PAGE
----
Linking Biogeochemical and Geomorphic Processes to Further our Understanding of Soil Organic Matter Dynamics
Life and Environmental Sciences
University of California, Merced
TCS Building 240
Most of the earth's terrestrial ecosystem is composed of sloping landscapes, where soil organic matter dynamics is partly controlled by the mass movement events that laterally distribute topsoil. Accurate estimation of the global carbon stock or the potential of soils to sequester atmospheric carbon dioxide are complicated by the effects of soil redistribution on both net primary productivity and decomposition. Studies over the last two decades arrived at contradictory results as to whether soil erosion constitutes a net source or sink term with respect to atmospheric carbon dioxide.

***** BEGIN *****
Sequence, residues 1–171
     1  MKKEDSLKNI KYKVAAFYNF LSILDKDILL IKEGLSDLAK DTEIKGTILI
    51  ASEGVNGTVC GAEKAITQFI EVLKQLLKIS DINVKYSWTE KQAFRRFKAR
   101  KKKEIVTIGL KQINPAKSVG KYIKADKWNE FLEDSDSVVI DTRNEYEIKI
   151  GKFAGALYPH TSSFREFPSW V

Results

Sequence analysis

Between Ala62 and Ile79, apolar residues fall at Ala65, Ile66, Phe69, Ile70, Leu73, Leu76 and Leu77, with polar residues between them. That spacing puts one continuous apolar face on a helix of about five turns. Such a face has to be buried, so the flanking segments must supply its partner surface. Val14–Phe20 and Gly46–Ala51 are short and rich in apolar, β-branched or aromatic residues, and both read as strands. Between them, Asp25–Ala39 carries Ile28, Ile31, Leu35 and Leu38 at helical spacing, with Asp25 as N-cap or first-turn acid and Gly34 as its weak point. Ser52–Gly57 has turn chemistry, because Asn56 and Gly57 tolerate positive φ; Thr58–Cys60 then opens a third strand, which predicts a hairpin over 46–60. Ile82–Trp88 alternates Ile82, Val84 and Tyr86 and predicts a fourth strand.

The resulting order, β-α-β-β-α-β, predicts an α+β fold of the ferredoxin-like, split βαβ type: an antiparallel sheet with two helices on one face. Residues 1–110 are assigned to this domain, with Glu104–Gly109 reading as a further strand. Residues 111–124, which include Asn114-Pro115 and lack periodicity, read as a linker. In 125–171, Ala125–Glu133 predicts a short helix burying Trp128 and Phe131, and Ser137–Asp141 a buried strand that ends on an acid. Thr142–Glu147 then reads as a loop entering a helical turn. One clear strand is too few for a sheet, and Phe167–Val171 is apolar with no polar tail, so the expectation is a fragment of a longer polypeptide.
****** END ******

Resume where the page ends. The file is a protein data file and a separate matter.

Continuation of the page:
In this presentation, professor Berhe will discuss why and how soil erosion can constitute a C sink by: (a) defining the criterion necessary for erosion to constitute a C sink; (b) comparing the rates of soil organic matter decomposition at eroding and depositional settings; and (c) identifying the potential for soils to provide protective surfaces (physical and chemical stabilization mechanisms) for soil organic matter in dynamic landscapes.
Professor Berhe's research is broadly focused on soil science and global change science. The main goal of her research is to understand the effect of changing environmental conditions on vital soil processes, most importantly the cycling and fate of essential elements in the critical zone. She studies soil processes in systems experiencing natural and/or anthropogenic perturbation in order to understand fundamental principles governed by geomorphology, and contemporary modifications introduced by changes in land use and climate.